Laser Trailblazer: Navy Conducts Historic Test of New Laser Weapon System – USN

Alternatively, modern high-power lasers are powered by electricity, which makes them fundamentally safer and capable of providing weapon capabilities as long as a ship has power. Even though the only consumable component used to power the system is fuel, the cost per encounter for a laser weapon can be quite modest.

While the LLD will not be deployed, it does provide a glimpse into the future of laser weaponry, said the Navy. It’s compact and potent, yet more efficient than prior models. It incorporates artificial intelligence to better track and aim, as well as sophisticated optics to observe a target and focus laser pulses to maximum effect. 

“LLD is an example of what a very advanced laser system can do to defeat significant threats to naval forces,” said David Kiel, a former Navy captain who is a program officer in ONR’s Aviation, Force Projection, and Integrated Defense Department, which managed the testing. “And we have ongoing efforts, both at ONR and in other Navy programs, to keep building on these results in the near future.” 

The Navy further stated that the ONR is a key player in the development of laser weapon technology and has deployed demonstration systems for operational testing.

In 2014, the Laser Weapon System was successfully tested aboard the USS Ponce in the Persian Gulf. In 2021, the Laser Weapon System Demonstrator was deployed by ONR aboard the USS Portland.

US Navy-laser
USS Portland shoots at a test target using a high-energy laser system. (US Navy photo])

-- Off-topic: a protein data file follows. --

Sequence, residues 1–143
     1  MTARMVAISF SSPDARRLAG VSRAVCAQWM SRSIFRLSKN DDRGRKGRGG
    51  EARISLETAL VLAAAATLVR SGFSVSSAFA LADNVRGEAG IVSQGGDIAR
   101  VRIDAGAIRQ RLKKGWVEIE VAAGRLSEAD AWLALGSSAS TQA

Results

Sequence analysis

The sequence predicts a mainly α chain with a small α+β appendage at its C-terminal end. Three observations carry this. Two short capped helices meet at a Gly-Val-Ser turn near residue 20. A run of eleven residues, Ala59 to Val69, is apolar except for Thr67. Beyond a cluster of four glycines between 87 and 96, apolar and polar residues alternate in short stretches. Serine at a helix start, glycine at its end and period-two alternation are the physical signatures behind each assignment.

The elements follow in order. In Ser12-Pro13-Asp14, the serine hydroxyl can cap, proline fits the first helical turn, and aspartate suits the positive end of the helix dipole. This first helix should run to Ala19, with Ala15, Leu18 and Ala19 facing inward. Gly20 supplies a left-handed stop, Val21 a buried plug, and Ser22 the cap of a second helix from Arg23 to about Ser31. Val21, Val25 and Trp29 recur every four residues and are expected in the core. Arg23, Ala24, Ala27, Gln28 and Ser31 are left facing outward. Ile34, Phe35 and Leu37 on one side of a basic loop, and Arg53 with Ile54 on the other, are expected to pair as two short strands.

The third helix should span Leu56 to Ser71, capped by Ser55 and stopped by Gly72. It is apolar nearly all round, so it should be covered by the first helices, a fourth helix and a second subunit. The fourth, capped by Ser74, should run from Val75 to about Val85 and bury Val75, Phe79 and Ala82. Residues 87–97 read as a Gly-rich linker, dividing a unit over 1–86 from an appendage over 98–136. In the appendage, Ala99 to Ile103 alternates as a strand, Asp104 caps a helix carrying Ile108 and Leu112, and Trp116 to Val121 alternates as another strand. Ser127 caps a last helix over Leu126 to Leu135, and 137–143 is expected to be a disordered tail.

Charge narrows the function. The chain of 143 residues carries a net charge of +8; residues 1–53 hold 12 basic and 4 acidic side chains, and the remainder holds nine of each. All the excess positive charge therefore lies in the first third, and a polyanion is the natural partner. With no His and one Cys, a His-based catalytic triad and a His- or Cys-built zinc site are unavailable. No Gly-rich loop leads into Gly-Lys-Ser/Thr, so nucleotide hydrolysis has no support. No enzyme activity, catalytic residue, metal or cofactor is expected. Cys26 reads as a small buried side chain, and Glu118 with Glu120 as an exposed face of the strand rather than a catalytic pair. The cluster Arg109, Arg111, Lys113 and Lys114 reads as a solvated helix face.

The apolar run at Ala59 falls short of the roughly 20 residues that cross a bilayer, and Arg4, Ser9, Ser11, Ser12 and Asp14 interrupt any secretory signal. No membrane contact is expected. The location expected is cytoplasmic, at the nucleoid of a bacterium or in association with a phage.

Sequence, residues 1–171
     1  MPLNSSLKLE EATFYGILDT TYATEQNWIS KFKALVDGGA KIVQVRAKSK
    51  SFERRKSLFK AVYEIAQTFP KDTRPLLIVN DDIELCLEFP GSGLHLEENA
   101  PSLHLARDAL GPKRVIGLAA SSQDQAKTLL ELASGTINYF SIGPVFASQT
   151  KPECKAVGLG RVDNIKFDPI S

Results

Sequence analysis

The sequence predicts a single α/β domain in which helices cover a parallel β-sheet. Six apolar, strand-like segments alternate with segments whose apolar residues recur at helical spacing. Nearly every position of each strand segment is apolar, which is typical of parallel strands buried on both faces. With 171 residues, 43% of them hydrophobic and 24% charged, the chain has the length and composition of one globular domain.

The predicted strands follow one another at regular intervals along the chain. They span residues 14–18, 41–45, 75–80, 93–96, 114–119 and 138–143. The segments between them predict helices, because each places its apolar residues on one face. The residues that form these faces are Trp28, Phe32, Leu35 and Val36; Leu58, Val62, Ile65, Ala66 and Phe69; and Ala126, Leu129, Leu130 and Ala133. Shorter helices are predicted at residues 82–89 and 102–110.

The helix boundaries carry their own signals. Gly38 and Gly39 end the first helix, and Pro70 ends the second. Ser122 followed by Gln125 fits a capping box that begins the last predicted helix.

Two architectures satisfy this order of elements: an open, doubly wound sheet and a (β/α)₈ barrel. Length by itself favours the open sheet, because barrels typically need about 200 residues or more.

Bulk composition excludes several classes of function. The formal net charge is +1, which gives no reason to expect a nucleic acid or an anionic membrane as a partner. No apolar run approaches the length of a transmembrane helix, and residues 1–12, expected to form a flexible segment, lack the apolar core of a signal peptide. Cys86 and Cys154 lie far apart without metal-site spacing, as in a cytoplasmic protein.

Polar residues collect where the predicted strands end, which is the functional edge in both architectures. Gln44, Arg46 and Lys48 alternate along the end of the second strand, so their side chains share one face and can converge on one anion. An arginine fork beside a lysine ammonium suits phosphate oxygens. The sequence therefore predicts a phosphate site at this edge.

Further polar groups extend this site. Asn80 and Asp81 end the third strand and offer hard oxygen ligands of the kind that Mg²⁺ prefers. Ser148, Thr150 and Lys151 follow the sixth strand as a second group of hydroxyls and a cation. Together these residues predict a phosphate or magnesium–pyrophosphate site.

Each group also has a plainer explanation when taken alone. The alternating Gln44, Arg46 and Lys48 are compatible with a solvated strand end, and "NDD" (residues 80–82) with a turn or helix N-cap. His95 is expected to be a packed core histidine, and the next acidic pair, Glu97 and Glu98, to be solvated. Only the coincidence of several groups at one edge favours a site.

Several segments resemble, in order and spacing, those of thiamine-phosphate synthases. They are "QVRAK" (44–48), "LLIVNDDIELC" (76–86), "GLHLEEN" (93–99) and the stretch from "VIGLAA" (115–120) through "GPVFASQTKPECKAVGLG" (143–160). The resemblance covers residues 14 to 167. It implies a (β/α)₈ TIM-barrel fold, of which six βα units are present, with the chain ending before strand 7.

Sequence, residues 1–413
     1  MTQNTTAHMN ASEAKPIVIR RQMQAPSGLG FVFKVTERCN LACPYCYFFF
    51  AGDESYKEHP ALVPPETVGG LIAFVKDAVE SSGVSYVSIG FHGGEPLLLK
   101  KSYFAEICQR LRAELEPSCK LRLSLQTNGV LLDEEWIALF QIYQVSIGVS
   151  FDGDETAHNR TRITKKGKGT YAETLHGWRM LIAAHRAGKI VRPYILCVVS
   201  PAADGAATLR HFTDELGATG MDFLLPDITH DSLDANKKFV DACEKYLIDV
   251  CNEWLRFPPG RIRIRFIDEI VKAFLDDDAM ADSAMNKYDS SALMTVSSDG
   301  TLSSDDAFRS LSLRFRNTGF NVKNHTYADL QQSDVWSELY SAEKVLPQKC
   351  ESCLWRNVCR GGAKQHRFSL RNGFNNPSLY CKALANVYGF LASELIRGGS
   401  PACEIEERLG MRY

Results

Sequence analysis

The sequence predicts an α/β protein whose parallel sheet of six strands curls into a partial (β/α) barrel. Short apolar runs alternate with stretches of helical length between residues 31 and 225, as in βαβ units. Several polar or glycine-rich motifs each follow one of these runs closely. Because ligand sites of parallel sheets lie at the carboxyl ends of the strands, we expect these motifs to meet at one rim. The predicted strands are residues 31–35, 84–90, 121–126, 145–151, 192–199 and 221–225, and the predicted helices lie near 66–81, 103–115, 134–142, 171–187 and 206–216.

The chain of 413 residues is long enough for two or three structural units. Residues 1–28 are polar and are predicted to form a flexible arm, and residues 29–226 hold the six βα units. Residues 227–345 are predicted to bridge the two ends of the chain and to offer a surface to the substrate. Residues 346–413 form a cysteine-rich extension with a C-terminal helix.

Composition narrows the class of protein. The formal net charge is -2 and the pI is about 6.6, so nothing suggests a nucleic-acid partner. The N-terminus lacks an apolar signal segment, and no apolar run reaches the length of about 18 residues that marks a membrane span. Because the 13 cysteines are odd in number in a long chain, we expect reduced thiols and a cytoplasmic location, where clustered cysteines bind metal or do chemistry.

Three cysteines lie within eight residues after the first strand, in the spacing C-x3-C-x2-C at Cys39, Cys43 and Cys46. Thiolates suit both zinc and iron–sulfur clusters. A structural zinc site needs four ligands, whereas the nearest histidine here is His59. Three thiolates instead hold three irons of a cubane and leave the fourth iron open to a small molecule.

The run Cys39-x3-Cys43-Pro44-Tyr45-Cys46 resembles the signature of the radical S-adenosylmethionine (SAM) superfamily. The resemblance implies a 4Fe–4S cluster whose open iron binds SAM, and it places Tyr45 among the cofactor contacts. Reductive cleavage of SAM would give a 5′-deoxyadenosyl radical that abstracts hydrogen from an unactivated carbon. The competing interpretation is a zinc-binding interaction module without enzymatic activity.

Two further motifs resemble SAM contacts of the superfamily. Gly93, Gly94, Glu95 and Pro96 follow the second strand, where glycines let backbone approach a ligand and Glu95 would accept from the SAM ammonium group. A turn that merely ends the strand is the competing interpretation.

Early this year, it was also reported that the US Navy is working on laser weapons in the Middle East to counter Iran’s deployment and usage of unmanned aerial vehicles (UAVs) in the region. 

Why Laser Weapons? 

Laser weapons are becoming increasingly important, especially as the global ‘drone threat’ has grown, and can change the course of a conflict, as the Armenia-Azerbaijan war demonstrated.

Lasers offer significant advantages in terms of speed, stealth, precision, and a “virtually infinite magazine.” They’re also more cost-effective because of their low ‘cost per shot.’

Although laser weapons lack the “kinetic pushback” effect, even a weak laser beam might disable adversary missiles with pinpoint accuracy. Laser weapons with high output can further degrade a missile’s flight control fins while also thermally activating its warheads.

Any force that has laser weapons can saves time and money by not having to move massive volumes of ammo. There is no need to carry munitions to regions that are vulnerable to attacks because the tremendous power of laser weapons comes straight from the systems’ power sources, such as generators or batteries.

This also lessens load, requiring fewer equipment and allowing for more stealthy troop movement.

Energy weapons are also needed to provide a closer tier of protection, which is critical for the penetration of stealth bombers like the B-2 and the upcoming B-21 into hostile airspace.

The existing position, in which stealth jets equipped with beyond visual range missiles are preferred, may alter if laser weapons are utilized in large numbers. This is because many missiles are used to achieve a kill, however laser weapons are difficult to avoid because of their great velocity and accuracy.